Over the past decades, fashion has acquired centrality in social and economic processes for its capacity to penetrate and influence both cultural production and identitarian practices. The proliferation of media objects such as fashion films, makeover TV shows, fashion blogs and vlogs has shown how prolific the encounter between fashion and audiovisual media can be. The aim of this special issue is to explore this intersection and, consequently, the cross fertilization between fashion studies and media studies, with particular regard to audiovisual media, such as cinema, television, advertising and digital video. The essays interrogate how the combination of fashion and the moving-image enables us to reflect upon the ubiquitous presence of fashion in our media-saturated landscape, and at the same time upon the ubiquitous presence of media in socio-cultural practices and industrial processes such as fashion. Questioning the encounter between audiovisual media and fashion brings an elective affinity to light. If fashion is central to cinema and television and gives rise to a wide range of new genres and formats, it also impacts on the forms of representation and expression of identity and the body via personal and social media, according to the prevailing customs and tastes of our place and time. This encounter is a terrain of experimentation with new trends in the media experience – ones that rely on performativity and the enhancement of the viewer/user’s agency. After all, audiovisual media are similarly about constructing a fictional (and entertaining) world and actively and creatively inhabiting it as an essential part of the actual world.
During the last decade, the convergence between advertising and the entertainment industry gave birth to new languages that sought to convey brand values in a more effective way. Alongside traditional advertising formats, such as TV commercials and product placement, a new and more refined form of communication has emerged, which is pointed towards storytelling and entertainment: ‘branded entertainment’. Within this context, the fashion industry is a particularly interesting area of study. Having been historically bound to the audiovisual media, fashion was immediately able to take advantage of the opportunities provided by this new language, on the one hand establishing a significant production of audiovisual content (long-short films) with an identifiable form, aesthetic and language; on the other, producing original entertainment content or integrating its values by expressing them in related TV formats. On the basis of the still few academic studies available so far, the primary aim of this article is to shed light on the use of often imprecise terminology related to branded entertainment, through a systemic approach that defines its operating range and highlights the distinctive elements which differentiate branded entertainment from any other hybrid forms of communication. Secondly, the paper will focus on the bond between the fashion and media industries and the production models adopted to date, by categorizing and analysing a corpus of 40 cases of ‘fashion branded entertainment’, carried out by Italian fashion brands from 2010 to 2016.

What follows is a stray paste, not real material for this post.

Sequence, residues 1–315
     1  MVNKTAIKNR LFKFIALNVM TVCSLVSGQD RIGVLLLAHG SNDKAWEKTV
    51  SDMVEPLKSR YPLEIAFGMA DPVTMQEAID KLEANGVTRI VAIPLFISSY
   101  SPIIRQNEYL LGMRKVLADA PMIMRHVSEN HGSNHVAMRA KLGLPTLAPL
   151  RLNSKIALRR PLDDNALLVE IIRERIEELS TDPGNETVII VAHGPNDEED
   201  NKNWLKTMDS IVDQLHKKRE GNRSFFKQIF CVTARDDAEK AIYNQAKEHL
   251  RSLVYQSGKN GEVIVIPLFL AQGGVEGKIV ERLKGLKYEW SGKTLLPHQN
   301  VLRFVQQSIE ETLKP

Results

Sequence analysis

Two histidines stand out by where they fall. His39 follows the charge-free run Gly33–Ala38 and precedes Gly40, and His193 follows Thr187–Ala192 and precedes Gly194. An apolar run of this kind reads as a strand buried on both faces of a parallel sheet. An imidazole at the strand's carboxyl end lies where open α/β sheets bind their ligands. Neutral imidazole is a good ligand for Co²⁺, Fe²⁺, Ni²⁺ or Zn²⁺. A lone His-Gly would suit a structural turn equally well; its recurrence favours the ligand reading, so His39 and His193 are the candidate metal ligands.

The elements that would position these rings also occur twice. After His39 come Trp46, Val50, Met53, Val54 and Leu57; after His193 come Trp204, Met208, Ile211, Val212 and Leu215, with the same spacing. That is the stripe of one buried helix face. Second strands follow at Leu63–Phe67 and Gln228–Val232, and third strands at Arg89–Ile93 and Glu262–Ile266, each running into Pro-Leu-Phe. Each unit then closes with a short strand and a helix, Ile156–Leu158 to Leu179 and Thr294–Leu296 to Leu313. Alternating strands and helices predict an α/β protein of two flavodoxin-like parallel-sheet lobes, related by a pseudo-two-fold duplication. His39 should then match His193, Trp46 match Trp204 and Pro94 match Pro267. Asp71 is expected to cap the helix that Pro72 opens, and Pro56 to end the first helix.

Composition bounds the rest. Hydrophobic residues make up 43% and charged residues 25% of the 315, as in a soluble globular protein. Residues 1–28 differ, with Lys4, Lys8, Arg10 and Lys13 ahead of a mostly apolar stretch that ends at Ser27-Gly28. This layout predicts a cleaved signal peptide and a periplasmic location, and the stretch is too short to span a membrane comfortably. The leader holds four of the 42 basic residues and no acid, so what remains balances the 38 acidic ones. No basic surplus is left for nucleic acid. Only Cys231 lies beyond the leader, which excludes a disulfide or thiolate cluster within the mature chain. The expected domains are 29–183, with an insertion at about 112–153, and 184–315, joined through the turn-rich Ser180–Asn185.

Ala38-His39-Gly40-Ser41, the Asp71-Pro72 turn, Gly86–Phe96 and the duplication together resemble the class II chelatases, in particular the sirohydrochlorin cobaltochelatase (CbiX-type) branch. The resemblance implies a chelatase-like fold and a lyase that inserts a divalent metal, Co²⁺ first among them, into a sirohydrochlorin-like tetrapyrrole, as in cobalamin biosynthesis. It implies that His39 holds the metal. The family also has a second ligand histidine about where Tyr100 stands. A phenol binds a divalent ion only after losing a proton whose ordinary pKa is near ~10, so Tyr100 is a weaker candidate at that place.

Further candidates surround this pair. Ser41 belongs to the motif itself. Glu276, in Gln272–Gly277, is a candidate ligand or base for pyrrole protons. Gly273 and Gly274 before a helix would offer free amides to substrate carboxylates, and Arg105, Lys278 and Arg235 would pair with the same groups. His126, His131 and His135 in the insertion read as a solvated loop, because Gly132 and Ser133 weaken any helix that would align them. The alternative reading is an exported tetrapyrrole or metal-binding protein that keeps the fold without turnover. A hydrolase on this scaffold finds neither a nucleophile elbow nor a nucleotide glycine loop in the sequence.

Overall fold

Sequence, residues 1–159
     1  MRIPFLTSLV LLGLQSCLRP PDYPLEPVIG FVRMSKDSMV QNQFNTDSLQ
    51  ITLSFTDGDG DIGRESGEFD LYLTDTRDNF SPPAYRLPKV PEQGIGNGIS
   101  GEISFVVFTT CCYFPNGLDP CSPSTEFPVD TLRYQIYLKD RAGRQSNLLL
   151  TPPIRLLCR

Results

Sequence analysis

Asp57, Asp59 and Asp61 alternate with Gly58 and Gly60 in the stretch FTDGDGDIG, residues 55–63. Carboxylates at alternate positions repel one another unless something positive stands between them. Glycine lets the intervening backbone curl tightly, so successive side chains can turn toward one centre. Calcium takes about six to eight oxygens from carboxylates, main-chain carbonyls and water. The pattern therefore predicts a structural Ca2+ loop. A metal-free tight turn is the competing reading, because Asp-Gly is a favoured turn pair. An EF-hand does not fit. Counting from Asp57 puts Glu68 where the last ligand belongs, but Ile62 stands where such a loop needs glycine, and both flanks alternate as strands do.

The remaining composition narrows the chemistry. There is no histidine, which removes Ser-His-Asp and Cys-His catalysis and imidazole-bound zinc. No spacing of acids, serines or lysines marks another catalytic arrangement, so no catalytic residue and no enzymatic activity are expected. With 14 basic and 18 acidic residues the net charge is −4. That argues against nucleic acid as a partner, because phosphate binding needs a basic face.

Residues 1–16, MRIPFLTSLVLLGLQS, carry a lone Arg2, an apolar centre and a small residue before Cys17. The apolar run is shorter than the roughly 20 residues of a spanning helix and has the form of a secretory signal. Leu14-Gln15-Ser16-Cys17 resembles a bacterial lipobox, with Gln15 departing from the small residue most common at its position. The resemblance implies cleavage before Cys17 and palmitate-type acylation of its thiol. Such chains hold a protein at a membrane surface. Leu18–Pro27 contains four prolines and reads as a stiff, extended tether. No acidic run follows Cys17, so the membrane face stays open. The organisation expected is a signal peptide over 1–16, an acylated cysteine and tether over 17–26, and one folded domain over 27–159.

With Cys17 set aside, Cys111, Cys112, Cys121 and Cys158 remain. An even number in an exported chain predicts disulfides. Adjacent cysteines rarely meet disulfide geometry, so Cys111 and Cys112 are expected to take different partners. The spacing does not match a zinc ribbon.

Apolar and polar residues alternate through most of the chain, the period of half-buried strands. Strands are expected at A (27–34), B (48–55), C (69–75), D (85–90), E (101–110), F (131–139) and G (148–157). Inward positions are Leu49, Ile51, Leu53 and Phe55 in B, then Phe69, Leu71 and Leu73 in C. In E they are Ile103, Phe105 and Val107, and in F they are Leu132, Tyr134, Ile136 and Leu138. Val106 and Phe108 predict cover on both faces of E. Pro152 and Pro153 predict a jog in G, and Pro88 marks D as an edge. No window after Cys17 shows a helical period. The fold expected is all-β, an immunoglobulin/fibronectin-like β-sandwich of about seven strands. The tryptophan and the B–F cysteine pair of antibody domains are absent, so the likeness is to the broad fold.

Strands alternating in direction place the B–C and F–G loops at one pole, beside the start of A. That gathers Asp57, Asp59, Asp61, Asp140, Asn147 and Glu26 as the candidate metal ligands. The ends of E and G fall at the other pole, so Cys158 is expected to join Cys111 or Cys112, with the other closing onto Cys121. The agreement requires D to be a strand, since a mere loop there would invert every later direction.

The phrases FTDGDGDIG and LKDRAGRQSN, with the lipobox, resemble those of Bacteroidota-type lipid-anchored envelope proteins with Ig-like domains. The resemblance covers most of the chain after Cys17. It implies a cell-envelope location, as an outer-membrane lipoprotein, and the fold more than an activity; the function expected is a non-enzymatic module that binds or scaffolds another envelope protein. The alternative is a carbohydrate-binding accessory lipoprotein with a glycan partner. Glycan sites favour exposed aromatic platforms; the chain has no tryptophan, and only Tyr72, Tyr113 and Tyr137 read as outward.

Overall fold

In the last few years the spread of audiovisual productions with diverse links to the world of fashion has grown consistently, in particular regarding the dissemination of a phenomenon known as the Fashion Film (FF). From the point of view of the language being used, the FF shows clear elements deriving from pre-existing audiovisual forms, including the short-feature film, commercial, music video and art film. An in-depth analysis of the FF’s audiovisual language allows for a greater understanding of its functions, for or to whom, by which means and in which places it can be consumed, and moreover what are the aesthetic and ethical expressive constraints of such a product. The FF is a branded form, produced and financed by fashion brands and companies that invest in the film as a vehicle for dissemination and promotion. On the one hand the medium therefore serves the fashion world, allowing it to widen and enrich the expression and communication dimensions of their brand; on the other hand it helps audiovisual creators and producers to find financial partners for their artistic projects. The trends emerging in FFs and their explicit reference to precedent audiovisual languages and genres furthermore reveal several general dimensions, which are not necessarily mutually exclusive. For fashion brands the FF seems to be an effective tool to connect to innovative projects, often not only at formal level but also in terms of ethics and values. The FF has the potential therefore to become a mode of expression that redefines not only the pre-existent categories of audiovisual forms, but also the type of relations that the fashion brands establish with their target audience.